As illustrated in FIGS. 18 and 19, the shaft 224 has a longitudinal axis 240 that extends generally from the distal end 236 to a proximal end, where the handle or grip may be disposed. As best seen in FIG. 19, each jaw 220, 222 has a first, distal arm or end 242, 244 that depends from the hinge 226 in a distal direction along the longitudinal axis 240 and a second, proximal arm or end 246, 248 that depends from the hinge in a proximal direction along the longitudinal axis 240. As seen in FIGS. 16 and 18, at least one light emitter 250 is attached to the distal end 242 of the jaw 220, while at least one light sensor 252 is attached to the distal end 244 of the jaw 222.

As illustrated in FIGS. 16 and 18, the surgical instrument may include one or more leads 254, 256 to couple the at least one light emitter 250 and the at least one light sensor 252 to the remainder of the equipment, which may be located at the proximal end of the shaft 224 or may be even further removed from the distal end 236 of the shaft 224. While the lead 254 and the lead 256 may actually include a plurality of leads or wires (e.g., six wires for the at least one light emitter 250 and six wires for the at least one light sensor 252, which wires may be, for example, an insulated stranded wire or insulated solid core wire having a gauge of AWG 32 or 36, preferably in ribbon cable form) that may or may not be assembled as a single unit, for ease of discussion, the leads 254, 256 will be each be referred to in the singular. The lead 254 is coupled at a distal end 258 to the at least one light emitter 250, and the lead 256 is coupled to a distal end 260 of the at least one light sensor 252, while the proximal ends of both leads 254, 256 may be coupled to the remainder of the equipment.

To accommodate the leads 254, 256, the distal arms or ends 242, 244 are spaced from each other to permit the leads to exit/enter the shaft 224 that is hollow. As best seen in FIG. 17, a spacer 262 is introduced between inwardly facing or inner surfaces 264, 266 of the jaws 220, 222. The spacer 262 may have a first end 268 that abuts the surface 264, and a second end 270 that abuts the surface 266. As illustrated, the spacer 262 is formed integrally (i.e., as one piece) with the jaw 222, although this need not be the case according to other embodiments.

The spacer 262 defines clearances 272, 274 for the leads 254, 256, as seen in FIGS. 16 and 17. The clearances 272, 274 are volumes through which the leads 254, 256 may exit/enter the shaft 224 without the other structures of the jaws 220, 222 impinging on the leads 254, 256 so as to crimp, pinch or crush the leads 254, 256. The clearances 272, 274 may be defined by the inner surfaces 264, 266 of the jaws 220, 222 and the spacer 262. The clearances 272, 274 may have a cross-sectional area of 1.75 mm wide and 1.25 mm tall, for example.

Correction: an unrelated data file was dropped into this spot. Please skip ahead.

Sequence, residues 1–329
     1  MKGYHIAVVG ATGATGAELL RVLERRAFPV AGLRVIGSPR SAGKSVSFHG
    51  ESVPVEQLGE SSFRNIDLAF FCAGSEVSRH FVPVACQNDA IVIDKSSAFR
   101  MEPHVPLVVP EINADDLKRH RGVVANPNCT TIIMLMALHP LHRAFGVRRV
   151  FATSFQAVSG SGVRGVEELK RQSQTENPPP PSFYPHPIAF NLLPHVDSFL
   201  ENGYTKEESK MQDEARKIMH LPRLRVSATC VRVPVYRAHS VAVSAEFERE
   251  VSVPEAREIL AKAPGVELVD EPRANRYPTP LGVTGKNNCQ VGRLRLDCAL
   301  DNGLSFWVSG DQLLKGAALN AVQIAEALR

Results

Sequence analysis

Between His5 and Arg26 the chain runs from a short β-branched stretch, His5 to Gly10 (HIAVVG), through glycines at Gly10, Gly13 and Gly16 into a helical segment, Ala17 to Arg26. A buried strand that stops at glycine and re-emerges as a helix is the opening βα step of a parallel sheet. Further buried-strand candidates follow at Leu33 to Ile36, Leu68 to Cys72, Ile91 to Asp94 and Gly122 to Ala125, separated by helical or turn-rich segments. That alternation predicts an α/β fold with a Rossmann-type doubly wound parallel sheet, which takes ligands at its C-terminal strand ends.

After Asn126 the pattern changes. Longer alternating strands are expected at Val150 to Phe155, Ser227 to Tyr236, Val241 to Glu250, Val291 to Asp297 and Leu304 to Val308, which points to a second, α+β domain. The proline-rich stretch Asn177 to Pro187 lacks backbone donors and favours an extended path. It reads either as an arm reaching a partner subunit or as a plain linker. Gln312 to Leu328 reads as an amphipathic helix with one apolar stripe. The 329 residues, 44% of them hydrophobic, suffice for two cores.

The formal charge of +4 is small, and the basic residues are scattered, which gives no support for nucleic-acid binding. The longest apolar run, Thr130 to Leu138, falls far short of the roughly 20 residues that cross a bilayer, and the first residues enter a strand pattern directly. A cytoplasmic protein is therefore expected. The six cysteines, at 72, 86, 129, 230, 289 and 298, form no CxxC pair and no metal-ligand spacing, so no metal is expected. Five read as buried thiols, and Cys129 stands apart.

The surgical instrument also includes a mechanism for opening and closing the jaws 220, 222 (i.e., moving surfaces 276, 278 further apart and closer together). While an embodiment of such a mechanism is illustrated in FIGS. 18 and 19, other mechanisms may be used to open and close the jaws 220, 222. For example, while the illustrated mechanism is positioned closer to the proximal end of the shaft 224 than the distal end 236 (relative to the hinge 226) in FIGS. 18 and 19, other mechanisms operate the jaws 220, 222 from the other side of the hinge 226.

As illustrated, the proximal ends 246, 248 of the jaws 220, 222 each have a race or slot 280, 282 that is formed through the ends 246, 248. The slots 280, 282 are arranged generally along a longitudinal axis 284, 286 of the respective jaw 220, 222. As illustrated, the slots 280, 282 may be disposed at a slight angle to the respective longitudinal axis 284, 286. A pin, rod or cam 288 is received within the slots 280, 282, and may move along the slots 280, 282 between a first end 290, 292 of the slots 280, 282 and a second end 294, 296 of the slots 280, 282.

The pin 288 is attached to a distal end 298 of an actuator 300, which may include a yoke 302 and a push rod 304 as illustrated. The proximal end of the actuator 300 may be attached to a mechanism such as a scissors grip or a trigger grip, which may be disposed at the proximal end of the shaft 224. The movement of the actuator 300 in a generally longitudinal direction to the right, with reference to the orientation illustrated in FIG. 19, will cause the pin 288 to move from the first ends 290, 292 to the second ends 294, 296 of the slots 280, 282, which will cause the surfaces 276, 278 to move toward each other (i.e., to close the jaws 220, 222). The movement of the actuator 300 in a generally longitudinal direction to the left, with reference to the orientation illustrated in FIG. 19, will cause the pin 288 to move from the second ends 294, 296 to the first ends 290, 292 of the slots 280, 282, which will cause the surfaces 276, 278 to move apart (i.e., to open the jaws 220, 222, as illustrated in FIG. 19). The actuator 300 may be biased (e.g., through the use of a spring or other resilient member) toward the left so that the jaws 220, 222 are open by default.